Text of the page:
This conversation was spurred on by comments from newly-elected old mayor Paul Soglin. His outlook on Overture is grim, and his plans apparently so distasteful to the Common Council that he has little hope of salvaging the current operational model in any form.
"The best I can do is put the community in a position that when this plan fails we might be able to right the ship," he says. "I do not know if we can. It may be too late by then."
"I am deeply concerned about it," he continues. "A majority of the council will not support the path I recommend, so the best I can do is just wait for this to crash and burn. It is going to be pretty horrible."
So there are two questions. Can Madison support an arts venue with so many stages and seats and such a large infrastructure? And secondly, should it ever have been built in the first place?
One of Wyndham's postions throughout our dialogue was that the 1,000-seat Capitol Theater, formerly the Oscar J. Meyer Theater, was "enough." All the big shows that have come through Overture--Broadway shows, major recording artists, other stage performers--could just as well have been carried off in the Capitol. The Overture renovation wasn't needed.
I took a semi-random sampling of the venues coming up on the tour for Wicked, a production that recently ran in Overture's 2,200-seat main hall. The Creighton Orpheum Theater in Omaha, Nebraska (population: 409k) seats 2,600. The Queen Elizabeth Theatre in Vancouver, British Columbia (population: 578k) seats 2,900. The Peoria (Illinois, population 115k) Civic Center seats a massive 12,000 for stage events.
The Wharton Center in East Lansing staged a production of The Lion King in which the 2300-seat capacity was barely enough, according to management. I don't think a thousand-seat venue is going to be able to draw the kind of production Overture Hall can attract.
And according to Rob Chappell from Overture (in a press release dated 5/24/11), those big shows are drawing a lot of bodies to the venue.
Sales, attendance and fundraising results for the 2010/11 season at Overture Center for the Arts exceeded expectations and bode well for the future, Overture officials announced today.
The total number of Broadway subscriptions -- ticket packages that included Wicked, Young Frankenstein, Legally Blonde and Les Miserables -- came in at more than 5,300 -- more than double the total for 2009/10. And total Broadway attendance exceeded 87% of capacity.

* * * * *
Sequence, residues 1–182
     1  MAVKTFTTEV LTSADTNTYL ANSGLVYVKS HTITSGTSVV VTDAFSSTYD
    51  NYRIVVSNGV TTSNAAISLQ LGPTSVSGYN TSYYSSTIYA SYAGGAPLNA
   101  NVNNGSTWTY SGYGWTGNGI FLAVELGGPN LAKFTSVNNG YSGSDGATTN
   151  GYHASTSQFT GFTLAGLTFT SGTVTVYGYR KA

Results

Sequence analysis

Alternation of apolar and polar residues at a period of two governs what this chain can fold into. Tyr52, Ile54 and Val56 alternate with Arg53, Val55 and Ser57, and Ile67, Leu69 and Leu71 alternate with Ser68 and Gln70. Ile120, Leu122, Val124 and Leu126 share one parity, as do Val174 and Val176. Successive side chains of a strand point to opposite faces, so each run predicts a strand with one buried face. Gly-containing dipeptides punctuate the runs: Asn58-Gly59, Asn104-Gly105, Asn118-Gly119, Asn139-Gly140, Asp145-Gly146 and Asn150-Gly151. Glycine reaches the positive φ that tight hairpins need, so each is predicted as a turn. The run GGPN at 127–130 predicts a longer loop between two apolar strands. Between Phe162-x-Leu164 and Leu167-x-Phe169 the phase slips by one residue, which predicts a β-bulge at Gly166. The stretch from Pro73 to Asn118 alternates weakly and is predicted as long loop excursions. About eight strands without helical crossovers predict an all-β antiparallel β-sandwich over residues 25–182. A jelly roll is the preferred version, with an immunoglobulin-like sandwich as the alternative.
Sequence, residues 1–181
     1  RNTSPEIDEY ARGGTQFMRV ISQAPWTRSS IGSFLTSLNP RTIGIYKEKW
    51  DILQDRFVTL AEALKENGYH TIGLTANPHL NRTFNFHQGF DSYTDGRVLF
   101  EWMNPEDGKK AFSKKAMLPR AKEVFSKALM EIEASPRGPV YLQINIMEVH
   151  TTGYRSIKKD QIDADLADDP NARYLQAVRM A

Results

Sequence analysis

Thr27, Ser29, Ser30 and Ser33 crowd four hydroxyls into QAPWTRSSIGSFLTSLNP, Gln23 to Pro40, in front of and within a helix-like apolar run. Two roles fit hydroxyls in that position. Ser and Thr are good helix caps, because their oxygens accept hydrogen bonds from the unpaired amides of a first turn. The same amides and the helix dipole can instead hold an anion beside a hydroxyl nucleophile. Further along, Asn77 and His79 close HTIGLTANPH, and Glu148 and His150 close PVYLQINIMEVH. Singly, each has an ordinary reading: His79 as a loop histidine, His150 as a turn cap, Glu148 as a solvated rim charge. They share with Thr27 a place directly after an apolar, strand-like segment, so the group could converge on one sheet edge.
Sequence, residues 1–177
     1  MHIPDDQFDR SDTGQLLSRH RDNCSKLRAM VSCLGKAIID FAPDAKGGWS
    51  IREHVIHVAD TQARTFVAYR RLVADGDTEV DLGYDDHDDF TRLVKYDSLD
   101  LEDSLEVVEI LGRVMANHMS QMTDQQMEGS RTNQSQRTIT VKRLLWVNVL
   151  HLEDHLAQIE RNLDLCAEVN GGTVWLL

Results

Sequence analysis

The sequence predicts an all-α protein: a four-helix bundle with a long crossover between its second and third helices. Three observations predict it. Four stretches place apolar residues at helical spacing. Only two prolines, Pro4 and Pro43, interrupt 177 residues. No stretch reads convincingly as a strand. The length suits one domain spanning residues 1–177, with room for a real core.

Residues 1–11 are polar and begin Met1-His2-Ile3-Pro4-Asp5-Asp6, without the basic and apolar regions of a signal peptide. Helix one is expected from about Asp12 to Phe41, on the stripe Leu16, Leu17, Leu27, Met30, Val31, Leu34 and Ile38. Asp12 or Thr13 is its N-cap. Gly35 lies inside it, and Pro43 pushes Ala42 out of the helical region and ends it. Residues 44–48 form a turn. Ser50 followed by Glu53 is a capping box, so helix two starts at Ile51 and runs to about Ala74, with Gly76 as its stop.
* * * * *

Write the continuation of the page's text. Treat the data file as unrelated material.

In his email to Wyndham and I, Rob addresses one of Wyndham's other complaints: that Overture is a black hole of sorts, drawing attention away from the small venues and local artists that are either bleeding overhead or leaving town completely. "[W]e booked about 100 touring artist performances altogether and local artists put on about 150 here in our building," Chappell says.
Overture Center has a lot of seats and stages, yes. Could it have been developed just as well with one fewer? Maybe. But it's there now, and doing a controlled burn on the investment--like Soglin seems to be resigned to doing--isn't going to fill the seats at Bartell, or Broom Street, or the Project Lodge. It's a matter of efficient utilization; smaller cities than Madison have supported similar venues without letting things "crash and burn".
My example of choice is Appleton, Wisconsin. Appleton's population is just over 78,000. The Fox Cities Performing Arts Center, with two stages totaling 2,500 seats (2,100 alone in the Thrivent Financial Hall), still manages to put on the same Broadway shows as Overture.
Using the metropolitan area populations for Appleton and Madison (source: Wikipedia), there are 144 available citizens per seat at the Performing Arts Center. For Overture Center's 3,701 total seats (according to its online seating chart site), there are 151 citizens per seat. The PAC generated its first annual gain in 2010, after opening in 2002. The Overture Center opened in 2004, and its financial state is the subject of this entire conversation.
Poorly managed? Sure. Inefficiently utilized? At times, probably. I'm not an expert on the performing arts, so much of my position is speculative. But if, in eight years, little Appleton can generate an annual performing arts gain from a strikingly similar profile of shows and events, then I think Madison's Overture Center can do the same, even considering the hit the arts have to endure in a down economy.
I say "can", because it cannot--it will not--if the leader of Madison's city government would rather let the entire operation fail than engage someone else's baby (philanthropist Jerome Frautschi got the ball rolling during Sue Baumann's administration, and it was built during Dave Cieslewicz's) and make it work. While it is perhaps not currently supporting Overture, I firmly believe that Madison can.